How Gates Foundation Helps Shape Public Education Policy

Stephanie Simon has written a major article for Politico on the growing political influence of the Bill and Melinda Gates Foundation.

Simon describes the Foundation’s investment in driving policy in public education: “About $400 million is spent in the U.S.—most of that on projects intended to transform education.  Those grants go to hundreds of research and advocacy groups that often work together to amplify the foundation’s voice and extend its reach into statehouses, schoolhouses and the U.S. Department of Education.”

Jim Shelton, now a deputy secretary to U.S. Secretary of Education Arne Duncan, and Margot Rogers, Duncan’s chief of staff during President Obama’s first term, both moved directly from the Gates Foundation into jobs at the U.S. Department of Education. “Both were granted waivers from conflict-of-interest policies to allow them to continue to work closely with the Gates Foundation  after joining the Education Department.”

What has the Gates Foundation accomplished in terms of its policy objectives?  “In K-12 education, Gates gets substantial credit—or in some quarters, blame—for the explosion in charter schools, which are publicly funded but privately managed.  He’s transformed the way educators are evaluated, putting much more emphasis on student test scores as a measure of effective teaching.  And he’s a driving force behind the Common Core academic standards…”  According to Simon, the Gates Foundation has awarded more than $170 million to groups developing the Common Core standards, curricula  and exams.

Other projects that are Gates priorities include the investment of $1.7 million to promote Parent Trigger laws that permits parents, by petition, to take over their public school and transform it into a charter school.  Parent Trigger laws are also a priority of the American Legislative Exchange Council.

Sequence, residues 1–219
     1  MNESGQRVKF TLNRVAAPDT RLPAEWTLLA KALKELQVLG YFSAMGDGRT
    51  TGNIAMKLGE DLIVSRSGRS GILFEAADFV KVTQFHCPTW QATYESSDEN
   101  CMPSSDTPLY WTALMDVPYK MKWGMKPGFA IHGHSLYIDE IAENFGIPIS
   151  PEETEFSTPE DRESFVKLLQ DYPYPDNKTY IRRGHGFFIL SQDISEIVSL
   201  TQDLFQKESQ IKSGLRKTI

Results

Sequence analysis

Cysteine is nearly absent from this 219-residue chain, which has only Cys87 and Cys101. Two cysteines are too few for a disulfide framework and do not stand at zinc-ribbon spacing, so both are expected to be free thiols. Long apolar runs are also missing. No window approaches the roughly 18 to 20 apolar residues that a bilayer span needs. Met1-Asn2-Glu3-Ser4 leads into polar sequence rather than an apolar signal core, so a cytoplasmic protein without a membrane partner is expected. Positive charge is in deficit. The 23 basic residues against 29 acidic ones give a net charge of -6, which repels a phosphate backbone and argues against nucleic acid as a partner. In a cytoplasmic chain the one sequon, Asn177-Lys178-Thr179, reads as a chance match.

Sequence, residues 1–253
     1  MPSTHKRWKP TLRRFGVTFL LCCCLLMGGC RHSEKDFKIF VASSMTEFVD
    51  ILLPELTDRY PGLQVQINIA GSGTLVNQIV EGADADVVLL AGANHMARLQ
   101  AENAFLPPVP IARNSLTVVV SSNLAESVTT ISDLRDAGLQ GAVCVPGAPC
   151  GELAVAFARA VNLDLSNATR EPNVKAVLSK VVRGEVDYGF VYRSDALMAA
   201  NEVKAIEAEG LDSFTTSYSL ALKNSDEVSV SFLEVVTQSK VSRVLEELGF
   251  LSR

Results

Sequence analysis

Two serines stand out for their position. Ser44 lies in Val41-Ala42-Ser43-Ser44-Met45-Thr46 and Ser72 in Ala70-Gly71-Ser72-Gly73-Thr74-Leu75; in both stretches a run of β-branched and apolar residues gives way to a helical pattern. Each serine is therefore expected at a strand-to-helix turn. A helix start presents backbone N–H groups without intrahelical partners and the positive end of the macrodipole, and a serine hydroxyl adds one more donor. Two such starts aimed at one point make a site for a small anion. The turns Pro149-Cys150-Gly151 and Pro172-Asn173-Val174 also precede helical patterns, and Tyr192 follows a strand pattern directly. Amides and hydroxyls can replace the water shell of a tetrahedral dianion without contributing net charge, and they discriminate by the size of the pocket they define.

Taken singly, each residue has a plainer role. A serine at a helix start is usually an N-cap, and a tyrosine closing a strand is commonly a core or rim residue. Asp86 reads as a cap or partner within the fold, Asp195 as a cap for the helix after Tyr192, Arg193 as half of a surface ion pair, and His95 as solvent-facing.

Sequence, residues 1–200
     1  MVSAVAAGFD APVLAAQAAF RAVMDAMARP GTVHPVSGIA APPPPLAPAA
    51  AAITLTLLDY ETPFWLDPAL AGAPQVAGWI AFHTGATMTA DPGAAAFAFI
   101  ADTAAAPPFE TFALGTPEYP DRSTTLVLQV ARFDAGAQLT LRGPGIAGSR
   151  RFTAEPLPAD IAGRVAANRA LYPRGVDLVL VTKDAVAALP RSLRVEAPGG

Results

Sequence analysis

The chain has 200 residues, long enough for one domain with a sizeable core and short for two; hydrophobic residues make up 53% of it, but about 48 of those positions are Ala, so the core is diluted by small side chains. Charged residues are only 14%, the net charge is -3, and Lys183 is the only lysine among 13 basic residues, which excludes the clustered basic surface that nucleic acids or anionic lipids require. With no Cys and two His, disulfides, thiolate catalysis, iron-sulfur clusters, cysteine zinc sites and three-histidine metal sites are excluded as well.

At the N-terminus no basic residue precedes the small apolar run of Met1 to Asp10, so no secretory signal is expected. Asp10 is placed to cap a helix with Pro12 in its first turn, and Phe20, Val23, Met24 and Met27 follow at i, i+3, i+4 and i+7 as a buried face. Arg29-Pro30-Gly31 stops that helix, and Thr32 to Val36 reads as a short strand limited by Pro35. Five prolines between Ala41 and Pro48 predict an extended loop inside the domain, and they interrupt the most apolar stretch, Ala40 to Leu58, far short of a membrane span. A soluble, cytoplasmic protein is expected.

And the Gates Foundation has invested $100 million into the data base InBloom, which was imagined to store student data from public schools across the states.  Most states have pulled out of the project due to concerns about protecting the privacy of students’ personal information.

According to Simon, while the the Gates Foundation, like other philanthropies, is precluded from lobbying, “the foundation dispenses hundreds of grants to organizations of every conceivable size and mission.  Think tanks.  Advocacy groups.  Teachers unions.  Public relations firms.  Policy journals.  Political associations. All those disparate groups, in every corner of the country, bring an enormous megaphone to the issues the Gates Foundation wants publicized.”

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